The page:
In some embodiments, the sensor device may include one or more magnetic sensors disposed on a carrier that represents a substrate that would be processed in a particular processing system. The sensors are configured to map out the magnetic field on the substrate plane in all three axes (e.g., x, y, and z). The sensor device may be disposed on a substrate support in a processing system having a magnetic field to be characterized, or mapped. Data from the sensors may be recorded over time and stored in a memory device for later retrieval and analysis. Thus, the sensor device facilitates mapping a magnetic field in a substrate processing system in the plane of the substrate to be processed and thereabove, over time. Such magnetic field information facilitates improved process control and device yield.
Each sensor device 100 includes one or more magnetic sensors 104 disposed thereon (e.g., on the carrier 102). Each magnetic sensor 104 is capable of measuring a magnitude of a magnetic field, for example, applied by a substrate processing system, in an x-, y-, and z-direction (illustratively using a Cartesian coordinate system) proximate the location of the magnetic sensor 104 on the carrier 102. It is contemplated that magnetic sensors capable of measuring the magnitude of the magnetic field in only one or two dimensions may also be utilized in combination to obtain the desired three-dimensional magnetic field magnitude data. In some embodiments, the one or more magnetic sensors 104 may be capable of measuring a magnetic field having a magnitude of +/− about 70 Gauss. In some embodiments, the one or more magnetic sensors 104 may be capable of measuring a magnetic field having a magnitude of +/− about 120 Gauss. Examples of suitable magnetic sensors 104 include magnetometers, fluxgates, or the like. One non-limiting example of a suitable magnetic sensor includes the HCM2003, available from Honeywell, Inc.
The measurements from each magnetic sensor 104 may be utilized to construct a map of the magnitude of the magnetic field proximate the surface of the sensor device when disposed on the substrate support, thereby facilitating characterizing the magnetic field proximate a substrate during processing. For example, the magnetic field characterization, or map, may include at least one of the magnitude of the magnetic field (e.g., the vector sum of component magnitudes measured in the x-, y-, and z-directions), or any component magnitude measured in the x-, y-, or z-direction plotted versus a position of each sensor). Although only one magnetic sensor 104 is depicted in the embodiments shown in
Each sensor device 100 is adapted to record data from the magnetic sensors 104 over a desired period of time, or as desired. Accordingly, each sensor device 100 further generally includes a microprocessor coupled to the sensors, memory coupled to the microprocessor, and a power supply to power the sensors and the microprocessor. These additional components may all be disposed on the carrier 102, partially disposed on the carrier 102 and partially remote from the carrier 102, or disposed completely remote from the carrier 102.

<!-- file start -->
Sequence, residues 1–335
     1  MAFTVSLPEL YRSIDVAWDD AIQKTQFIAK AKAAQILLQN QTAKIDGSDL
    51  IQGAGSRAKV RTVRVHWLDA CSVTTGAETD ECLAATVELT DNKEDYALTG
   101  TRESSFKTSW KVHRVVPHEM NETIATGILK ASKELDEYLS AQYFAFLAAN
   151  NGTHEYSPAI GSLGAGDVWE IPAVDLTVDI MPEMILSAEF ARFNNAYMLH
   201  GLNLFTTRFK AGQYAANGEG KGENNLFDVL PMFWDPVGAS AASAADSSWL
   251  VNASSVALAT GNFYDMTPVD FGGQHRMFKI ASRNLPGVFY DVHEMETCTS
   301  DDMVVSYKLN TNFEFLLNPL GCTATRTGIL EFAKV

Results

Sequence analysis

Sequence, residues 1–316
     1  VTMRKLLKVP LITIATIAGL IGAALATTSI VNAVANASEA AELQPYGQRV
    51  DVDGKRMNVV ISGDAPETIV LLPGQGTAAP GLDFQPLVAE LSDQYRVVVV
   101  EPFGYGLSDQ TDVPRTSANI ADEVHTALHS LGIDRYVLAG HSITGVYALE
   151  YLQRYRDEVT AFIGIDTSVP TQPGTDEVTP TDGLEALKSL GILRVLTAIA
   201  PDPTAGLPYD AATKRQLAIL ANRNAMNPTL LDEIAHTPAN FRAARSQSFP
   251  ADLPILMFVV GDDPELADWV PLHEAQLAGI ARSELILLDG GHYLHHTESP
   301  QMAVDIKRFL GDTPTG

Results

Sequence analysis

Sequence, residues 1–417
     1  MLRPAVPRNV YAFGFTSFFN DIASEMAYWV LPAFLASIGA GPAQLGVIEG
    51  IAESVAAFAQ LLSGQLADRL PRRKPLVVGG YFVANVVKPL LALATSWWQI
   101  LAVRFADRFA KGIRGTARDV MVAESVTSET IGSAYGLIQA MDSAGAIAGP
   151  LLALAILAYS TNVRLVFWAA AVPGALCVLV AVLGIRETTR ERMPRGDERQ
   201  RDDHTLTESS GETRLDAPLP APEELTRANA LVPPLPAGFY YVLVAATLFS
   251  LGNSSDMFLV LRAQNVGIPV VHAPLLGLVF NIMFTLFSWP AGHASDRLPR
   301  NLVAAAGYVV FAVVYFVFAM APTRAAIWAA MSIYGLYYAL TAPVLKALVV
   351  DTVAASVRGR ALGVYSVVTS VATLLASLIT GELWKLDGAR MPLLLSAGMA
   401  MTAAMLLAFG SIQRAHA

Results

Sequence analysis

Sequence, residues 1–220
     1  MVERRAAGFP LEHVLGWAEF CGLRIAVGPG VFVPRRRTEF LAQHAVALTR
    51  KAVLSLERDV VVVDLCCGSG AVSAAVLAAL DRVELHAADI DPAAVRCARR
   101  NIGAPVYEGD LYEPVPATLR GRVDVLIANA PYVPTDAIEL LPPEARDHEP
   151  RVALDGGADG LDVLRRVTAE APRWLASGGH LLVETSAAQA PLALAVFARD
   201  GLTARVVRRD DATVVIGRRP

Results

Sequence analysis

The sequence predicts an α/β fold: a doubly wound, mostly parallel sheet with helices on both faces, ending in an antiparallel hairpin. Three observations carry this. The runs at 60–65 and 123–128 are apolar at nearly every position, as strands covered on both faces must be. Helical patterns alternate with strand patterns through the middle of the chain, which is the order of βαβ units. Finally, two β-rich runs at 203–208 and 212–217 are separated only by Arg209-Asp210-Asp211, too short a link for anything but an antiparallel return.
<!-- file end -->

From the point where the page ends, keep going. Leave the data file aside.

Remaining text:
For example, in some embodiments, and as depicted in
The on-board microprocessor 106 may be any suitable microprocessor for controlling the operation of the magnetic sensors 104 and the memory device 108. For example, the on-board microprocessor 106 may be configured to selectively store data from the magnetic sensor 104 in the memory device 108. In some embodiments, upon receiving a start signal the on-board microprocessor 106 may record data from the magnetic sensor 104 in the memory device 108 at a desired sampling rate. When the process is to be stopped, a stop signal can be issued by (or to) the on-board microprocessor 106 to stop sampling and recording the data. The start and/or stop signals may be provided manually or from a controller, such as the microprocessor 106, or an external controller (not shown). In some embodiments, the start signal may be provided via start/reset button (not shown) that starts a timed cycle of data sampling and recording.
In embodiments where the data provided by the magnetic sensors is an analog signal, the analog signal may be converted to a digital signal using an analog to digital converter 112. Although shown as a separate component, the analog to digital converter 112 may be a part of other components in the sensor device 100, such as the magnetic sensor 104.
The memory device 108 may be any memory device, such as random access memory (RAM), or like integrated circuit memory device, suitable for incorporation on the carrier 102 to store the data received from each magnetic sensor 104. In some embodiments, the memory device may be removable from the carrier, such as in the form of a flash memory device, secure digital (SD) card, or the like. In some embodiments, such as described below with respect to
The power source 110 provides power to the magnetic sensor 104 and the microprocessor 106. In some embodiments, and as depicted in
In some embodiments, and as depicted in
The magnetic sensors 104 and power source 110 may be the same as discussed above. The power source 110 may further be coupled to the transmitter 114 for sending and receiving data to and from the receiver 116. The microprocessor 118, and memory 120 may be functionally and/or physically similar to the microprocessor 106 and memory 108 discussed above with respect to
In some embodiments, and as depicted in
The magnetic sensors 104 may be the same as discussed above. In addition, as depicted in